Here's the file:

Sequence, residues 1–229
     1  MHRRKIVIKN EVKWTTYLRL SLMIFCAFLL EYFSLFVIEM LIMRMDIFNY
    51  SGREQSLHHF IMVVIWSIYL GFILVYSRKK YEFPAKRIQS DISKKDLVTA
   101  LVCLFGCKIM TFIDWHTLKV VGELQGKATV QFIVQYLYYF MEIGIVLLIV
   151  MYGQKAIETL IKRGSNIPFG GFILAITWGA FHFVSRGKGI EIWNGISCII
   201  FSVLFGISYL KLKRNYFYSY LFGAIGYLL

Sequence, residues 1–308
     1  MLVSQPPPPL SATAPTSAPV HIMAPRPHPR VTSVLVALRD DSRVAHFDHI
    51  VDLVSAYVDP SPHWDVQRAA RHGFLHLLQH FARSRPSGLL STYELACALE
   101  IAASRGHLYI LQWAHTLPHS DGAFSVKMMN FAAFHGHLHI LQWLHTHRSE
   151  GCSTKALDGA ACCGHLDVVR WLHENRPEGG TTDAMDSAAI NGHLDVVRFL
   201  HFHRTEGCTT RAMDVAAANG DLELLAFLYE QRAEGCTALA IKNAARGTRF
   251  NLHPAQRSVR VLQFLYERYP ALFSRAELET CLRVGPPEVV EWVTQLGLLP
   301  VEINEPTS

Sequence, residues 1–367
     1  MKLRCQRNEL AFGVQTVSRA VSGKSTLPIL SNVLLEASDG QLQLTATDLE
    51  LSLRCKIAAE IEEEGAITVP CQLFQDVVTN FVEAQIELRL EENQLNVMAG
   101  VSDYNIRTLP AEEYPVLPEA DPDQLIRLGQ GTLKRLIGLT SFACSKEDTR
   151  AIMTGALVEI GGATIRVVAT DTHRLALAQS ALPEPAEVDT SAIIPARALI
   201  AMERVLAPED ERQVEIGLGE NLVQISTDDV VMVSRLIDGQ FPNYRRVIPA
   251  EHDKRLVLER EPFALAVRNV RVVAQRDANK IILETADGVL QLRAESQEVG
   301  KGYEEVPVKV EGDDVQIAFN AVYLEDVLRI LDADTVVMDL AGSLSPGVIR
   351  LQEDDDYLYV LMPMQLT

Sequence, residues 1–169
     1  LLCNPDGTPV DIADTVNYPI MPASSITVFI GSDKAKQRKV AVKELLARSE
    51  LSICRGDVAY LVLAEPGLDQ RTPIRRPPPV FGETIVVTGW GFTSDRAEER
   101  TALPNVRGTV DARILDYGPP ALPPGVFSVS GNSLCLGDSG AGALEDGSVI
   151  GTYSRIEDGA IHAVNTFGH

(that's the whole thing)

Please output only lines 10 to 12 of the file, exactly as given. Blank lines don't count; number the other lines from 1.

   101  IAASRGHLYI LQWAHTLPHS DGAFSVKMMN FAAFHGHLHI LQWLHTHRSE
   151  GCSTKALDGA ACCGHLDVVR WLHENRPEGG TTDAMDSAAI NGHLDVVRFL
   201  HFHRTEGCTT RAMDVAAANG DLELLAFLYE QRAEGCTALA IKNAARGTRF